The Ateni Sioni Church is an early 7th-century Georgian Orthodox church in the village of Ateni, some 10 km south of the city of Gori, Georgia. It stands in a setting of the Tana River valley known not only for its historical monuments but also for its picturesque landscapes and wine. The name 'Sioni' derives from Mount Zion at Jerusalem.
Sioni is an early example of a 'four-apse church with four niches' domed tetraconch (between the four apses are three-quarter cylindrical niches which are open to the central space). The church's cruciform interior measures 24m x 19.22m, and its façades are faced with carved rectangular greenish-gray stones, richly decorated with ornaments and figurative reliefs. The church is not dated but is very similar in design to the Jvari Monastery at Mtskheta, which is generally held to have preceded it, and, hence, has been described by some art historians as belonging to the 'Jvari-type' group of churches. Todosak, mentioned in an undated Armenian inscription on the southern facade as 'I, Todosak, the builder of this holy church' is considered to have been an Armenian architect of the original church or its late 10th-century renovator.
The walls of the church contain the earliest known inscriptions in Nuskhuri or Nuskha-Khutsuri, one of the versions of the early Georgian alphabet, dating from 835. The earliest known examples of Mkhedruli, a currently used Georgian script, are also found in the Ateni Sioni church and date to the 980s. One of the inscriptions on the church commemorates Adarnase I of Tao-Klarjeti, the first documented Georgian Bagratid nobleman who was the father of Ashot I, the founder of the new royal line of Georgia.
Near the church there are the ruins of the medieval fortified town of Ateni (modern-day villages of Didi Ateni and Patara Ateni).References:
The Jelling stones are massive carved runestones from the 10th century, found at the town of Jelling in Denmark. The older of the two Jelling stones was raised by King Gorm the Old in memory of his wife Thyra. The larger of the two stones was raised by King Gorm's son, Harald Bluetooth in memory of his parents, celebrating his conquest of Denmark and Norway, and his conversion of the Danes to Christianity. The runic inscriptions on these stones are considered the most well known in Denmark.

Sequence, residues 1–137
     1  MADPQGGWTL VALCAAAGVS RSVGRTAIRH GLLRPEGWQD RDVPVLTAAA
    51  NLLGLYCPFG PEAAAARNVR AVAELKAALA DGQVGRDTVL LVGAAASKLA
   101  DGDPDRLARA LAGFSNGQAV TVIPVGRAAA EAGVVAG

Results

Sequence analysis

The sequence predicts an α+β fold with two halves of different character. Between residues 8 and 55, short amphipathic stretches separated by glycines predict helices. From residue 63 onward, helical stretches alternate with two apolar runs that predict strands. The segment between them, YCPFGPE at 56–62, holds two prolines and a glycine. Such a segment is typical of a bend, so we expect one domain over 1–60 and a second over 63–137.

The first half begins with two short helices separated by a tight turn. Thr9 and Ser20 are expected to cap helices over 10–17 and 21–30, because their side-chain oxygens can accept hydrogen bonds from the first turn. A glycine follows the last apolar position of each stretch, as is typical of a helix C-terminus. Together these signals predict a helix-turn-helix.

The Jelling stones stand in the churchyard of Jelling church between two large mounds. The stones represent the transitional period between the indigenous Norse paganism and the process of Christianization in Denmark; the larger stone is often cited as Denmark's baptismal certificate (dåbsattest), containing a depiction of Christ. They are strongly identified with the creation of Denmark as a nation state and both stones feature one of the earliest records of the name 'Danmark'.
After having been exposed to all kinds of weather for a thousand years cracks are beginning to show. On the 15th of November 2008 experts from UNESCO examined the stones to determine their condition. Experts requested that the stones be moved to an indoor exhibition hall, or in some other way protected in situ, to prevent further damage from the weather.
Heritage Agency of Denmark decided to keep the stones in their current location and selected a protective casing design from 157 projects submitted through a competition. The winner of the competition was Nobel Architects. The glass casing creates a climate system that keeps the stones at a fixed temperature and humidity and protects them from weathering. The design features rectangular glass casings strengthened by two solid bronze sides mounted on a supporting steel skeleton. The glass is coated with an anti-reflective material that gives the exhibit a greenish hue. Additionally, the bronze patina gives off a rusty, greenish colour, highlighting the runestones' gray and reddish tones and emphasising their monumental character and significance.